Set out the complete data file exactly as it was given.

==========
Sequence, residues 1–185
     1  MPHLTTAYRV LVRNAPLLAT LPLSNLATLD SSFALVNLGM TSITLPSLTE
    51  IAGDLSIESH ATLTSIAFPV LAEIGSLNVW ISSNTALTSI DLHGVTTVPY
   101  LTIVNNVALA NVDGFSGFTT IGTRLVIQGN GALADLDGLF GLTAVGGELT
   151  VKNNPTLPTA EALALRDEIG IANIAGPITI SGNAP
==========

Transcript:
Sequence, residues 1–185
     1  MPHLTTAYRV LVRNAPLLAT LPLSNLATLD SSFALVNLGM TSITLPSLTE
    51  IAGDLSIESH ATLTSIAFPV LAEIGSLNVW ISSNTALTSI DLHGVTTVPY
   101  LTIVNNVALA NVDGFSGFTT IGTRLVIQGN GALADLDGLF GLTAVGGELT
   151  VKNNPTLPTA EALALRDEIG IANIAGPITI SGNAP